Tuesday, January 27, 2009
Houma (pronounced /ˈhoʊmə/ and /ˈhuːmə/ is the parish seat of Terrebonne Parish, Louisiana, United States, and the largest principal city of the Houma–Bayou Cane–Thibodaux Metropolitan Statistical Area. The city's powers of government have been absorbed by the parish, which is now run by the Terrebonne Parish Consolidated Government. The population was 32,393 at the 2000 census. There are many unincorporated areas adjacent to the city of Houma; the largest, Bayou Cane, is an urbanized area commonly referred to by locals as Houma but is not included in the 2000 census count, and is in fact a separate census-designated place. The name Houma derives from the Houmas Indian tribe, not recognized by the U.S. Bureau of Indian Affairs.
Herman Albert Cook House
Houma was founded in 1810 and incorporated in 1848, and again in 1898.
Herman Albert Cook House
Houma and the surrounding communities are steeped in Cajun tradition and culture. The area is famous for its food, fishing, swamps, music, and hospitality. Houma is also known, although not as well as New Orleans, for its Mardi Gras festivities. Although Houma is quickly changing and developing, many of the residents in the surrounding small communities continue to make their living as their ancestors did. They are shrimpers, oystermen, crabbers, fishermen, and trappers. Despite the rapidly changing face of the area, many long-standing traditions and lifestyles remain to remind one of the area's rich cultural history.
Clifford Percival Smith House
Clifford Percival Smith House (Rear View
Houma is also the headquarters of the Roman Catholic Diocese of Houma-Thibodaux, and home to Louisiana's second-oldest high school, Terrebonne High School.
Houma and the surrounding area are the setting for the fictional Swamp Thing comic books, the 1994 V. C. Andrews book Ruby, and the 2005 film The Skeleton Key (which was not filmed in Houma or Terrebonne Parish).
The 1999 films Crazy in Alabama and Fight Club (film) were partially filmed in Houma.
The HBO documentary The Recruiter, followed the life of an Army recruiter and several of his recruits from Houma.
The local newspaper is The Courier. It was founded in 1878 as Le Courrier de Houma by French-born Lafayette Bernard Filhucan Bazet. It first published in four-page, half-French half-English editions. It was sold to The New York Times Company in 1980 and is now part of the New York Times Regional Newspaper Group.
Ardoyne Plantation House
The Courier is a newspaper published daily in Houma, Louisiana, United States, covering Terrebonne Parish. It is a part of the New York Times Regional Newspaper Group. The paper is published by Miles Forrest and the paper's Executive Editor is Keith Magill. The paper was founded in 1878 as Le Courrier de Houma by French-born Lafayette Bernard Filhucan Bazet. It first published in four-page, half-French half-English editions.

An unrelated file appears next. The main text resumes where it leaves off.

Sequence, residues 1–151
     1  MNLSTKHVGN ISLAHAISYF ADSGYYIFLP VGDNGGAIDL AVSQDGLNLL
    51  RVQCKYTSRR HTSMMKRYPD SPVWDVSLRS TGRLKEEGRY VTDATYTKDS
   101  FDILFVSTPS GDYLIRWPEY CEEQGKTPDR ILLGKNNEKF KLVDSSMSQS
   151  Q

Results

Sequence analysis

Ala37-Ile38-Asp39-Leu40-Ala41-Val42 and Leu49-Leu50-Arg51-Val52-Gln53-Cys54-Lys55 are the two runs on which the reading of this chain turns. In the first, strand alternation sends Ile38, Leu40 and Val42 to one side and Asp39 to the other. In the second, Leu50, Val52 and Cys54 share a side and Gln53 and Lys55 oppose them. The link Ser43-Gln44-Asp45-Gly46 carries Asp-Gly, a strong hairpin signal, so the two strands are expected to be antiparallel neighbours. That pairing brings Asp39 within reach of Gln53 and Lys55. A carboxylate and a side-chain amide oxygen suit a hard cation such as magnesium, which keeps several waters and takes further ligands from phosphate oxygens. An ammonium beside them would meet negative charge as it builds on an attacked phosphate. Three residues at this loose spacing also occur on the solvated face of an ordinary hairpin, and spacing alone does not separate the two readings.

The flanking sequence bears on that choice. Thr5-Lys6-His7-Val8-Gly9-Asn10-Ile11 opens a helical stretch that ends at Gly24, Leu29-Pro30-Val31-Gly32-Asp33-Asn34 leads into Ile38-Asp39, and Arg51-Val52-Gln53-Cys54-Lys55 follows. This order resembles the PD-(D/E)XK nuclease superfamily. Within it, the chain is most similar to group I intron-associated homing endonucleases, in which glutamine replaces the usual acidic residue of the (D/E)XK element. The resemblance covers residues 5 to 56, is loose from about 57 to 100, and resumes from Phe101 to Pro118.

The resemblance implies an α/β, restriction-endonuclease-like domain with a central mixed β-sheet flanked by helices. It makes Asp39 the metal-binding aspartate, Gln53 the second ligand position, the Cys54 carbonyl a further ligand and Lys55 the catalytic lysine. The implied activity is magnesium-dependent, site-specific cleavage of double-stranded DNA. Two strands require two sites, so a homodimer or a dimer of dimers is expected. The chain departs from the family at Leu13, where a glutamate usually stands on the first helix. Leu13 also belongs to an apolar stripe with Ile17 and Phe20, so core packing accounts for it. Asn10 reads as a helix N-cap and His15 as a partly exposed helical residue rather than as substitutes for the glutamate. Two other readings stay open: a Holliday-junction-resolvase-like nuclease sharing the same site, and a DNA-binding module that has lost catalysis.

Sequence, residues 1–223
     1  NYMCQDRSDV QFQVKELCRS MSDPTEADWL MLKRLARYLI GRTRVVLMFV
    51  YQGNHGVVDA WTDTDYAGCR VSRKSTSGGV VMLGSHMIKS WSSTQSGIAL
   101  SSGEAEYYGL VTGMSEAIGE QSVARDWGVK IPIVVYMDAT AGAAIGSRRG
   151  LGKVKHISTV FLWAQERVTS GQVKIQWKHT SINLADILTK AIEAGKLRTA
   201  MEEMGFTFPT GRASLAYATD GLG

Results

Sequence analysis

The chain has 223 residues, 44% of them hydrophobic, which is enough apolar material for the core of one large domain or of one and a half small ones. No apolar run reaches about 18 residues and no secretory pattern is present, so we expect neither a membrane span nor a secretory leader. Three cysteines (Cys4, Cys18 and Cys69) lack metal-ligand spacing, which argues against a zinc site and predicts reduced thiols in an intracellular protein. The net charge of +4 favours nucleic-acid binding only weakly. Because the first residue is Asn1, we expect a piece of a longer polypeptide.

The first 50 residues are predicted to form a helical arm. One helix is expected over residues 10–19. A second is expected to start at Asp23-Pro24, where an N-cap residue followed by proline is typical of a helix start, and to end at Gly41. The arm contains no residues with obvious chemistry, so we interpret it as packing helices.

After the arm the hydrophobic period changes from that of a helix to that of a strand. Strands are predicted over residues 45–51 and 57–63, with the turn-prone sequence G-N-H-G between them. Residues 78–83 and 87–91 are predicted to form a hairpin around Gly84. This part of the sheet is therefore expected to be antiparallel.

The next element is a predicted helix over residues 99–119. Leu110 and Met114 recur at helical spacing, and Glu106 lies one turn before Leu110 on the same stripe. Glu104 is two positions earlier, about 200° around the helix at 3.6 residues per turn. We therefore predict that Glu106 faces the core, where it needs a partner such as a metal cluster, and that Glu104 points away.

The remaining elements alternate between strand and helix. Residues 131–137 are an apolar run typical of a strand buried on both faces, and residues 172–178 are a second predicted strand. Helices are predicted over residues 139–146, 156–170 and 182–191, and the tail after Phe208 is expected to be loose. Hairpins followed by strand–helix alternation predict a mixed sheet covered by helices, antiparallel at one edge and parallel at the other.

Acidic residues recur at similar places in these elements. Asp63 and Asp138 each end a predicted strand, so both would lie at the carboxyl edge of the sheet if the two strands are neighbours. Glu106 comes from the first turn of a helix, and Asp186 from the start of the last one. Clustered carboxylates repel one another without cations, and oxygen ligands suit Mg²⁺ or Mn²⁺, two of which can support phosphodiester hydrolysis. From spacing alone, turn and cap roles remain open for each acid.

Houma Historic District
Houma Historic District
Houma Historic District
Houma Historic District
Houma Historic District
The Courier has a daily circulation of 19,700 and a Sunday circulation of 22,100. Its online edition, Houma Today was launched in May 1999.
The Courier won the Louisiana Press Association's Newspaper of the Year award four times in the 2000s.
Notable natives and residents
Allen J. Ellender (1890-1972), former president pro tempore and Democratic U.S. Senator was from Houma.
Brandon Jacobs, professional athlete.
Martin Folse, who also owns the local News station HTV, filmed the movie Nutria Man: Terror in the Swamp in the swamps in and around Houma in 1983.
Clarence Verdin, professional athlete.
Dax Riggs has lived much of his life in Houma.
Frank Lewis, professional athlete.
Jay Pennison, professional athlete.
Melvin Johnson, professional athlete.
Richie Cunningham, professional athlete.
Steven LeBoeuf, humorist, politician, gambler, scientist, entrepreneur.
Tab Benoit, Blues musician and co-star of the IMAX movie feature Hurricane on the Bayou, grew up in Houma and attended Vandebilt Catholic High School.
Troy Johnson, professional athlete.
Wally Whitehurst, professional athlete.
Kim Willoughby, USA volleyball member, 2008 Beijing Olympics.
Blake Cole, Computer Scientist.
Cyril and Libbye Hellier, operatic sopranos.
Welcome to Houma, Louisiana: The Heart of America's WETLAND and home of Cajun culture and adventures all located less than an hour's travel from New Orleans in Terrebonne Parish. With exciting swamp tours, spicy Cajun cuisine, unlimited charter fishing, lively Cajun dancehalls, birding trails, an exotic wildlife park, Mardi Gras celebrations and much more, you'll soon see why there's always something for everyone right here in Houma, Louisiana.
Southdown Plantation House is a 19th-century sugar manor house and home to the Terrebonne Museum of history and culture. It was built in 1859 as a one-story Greek Revival house by sugar planter William J. Minor. His son, Henry C. Minor, added the second floor and Victorian-style architectural features in 1893. The Southdown sugar plantation remained in the Minor family until 1932, and during the 1920's the owners helped to save the sugar industry in Louisiana by propagating a sugarcane variety resistant to mosaic disease.
Southdown Plantation House
In 1975, Valhi, Inc., a subsidiary of Southdown Sugar, Inc., donated the Southdown Plantation House and Servant's Quarters to the non-profit Terrebonne Historical and Cultural Society, who turned the property into a museum. Exhibits include original bedroom furniture of the Minor family and other antique furnishings; a history and culture room; a Mardi Gras room; a Native Peoples room; changing works by local artists; a sugar industry room; Boehm and Doughty porcelain birds; Charles Gilbert art collection; Thad St. Martin literature collection; a re-creation of the Washington, D.C office of U.S. Senator Allen J. Ellender; and a restored 1880's plantation worker's cabin.
The House That Sugar Built
For more than nearly a century and a half, sugar was king in South Louisiana, enticing pioneers to the region and rewarding them with prosperity and progress. Southdown is located in the city of Houma in Terrebonne Parish, where some 86 sugar mills operated during the industry's boom years. The last operational mill in the Parish was the Southdown Mill, located adjacent to Southdown Plantation House. It closed in 1979 and was dismantled and shipped to Guatemala where it was reassembled for continued operation.
Southdown Plantation House is a lasting tribute to the sugar industry which helped to nurture Terrebonne Parish from its infancy to its present population of over 100,000 residents. Four generations of the Minor Family, along with hundreds of mill workers, fieldworkers, and their families, lived and labored at Southdown Plantation. The Minor Family occupied Southdown House until 1936. Over the years, the plantation owners, managers, and workers helped launch the local sugar industry, sustained it through difficult years, witnessed the cultural enrichment and progress of its boom times, and revitalized the industry from near-fatal crop disease.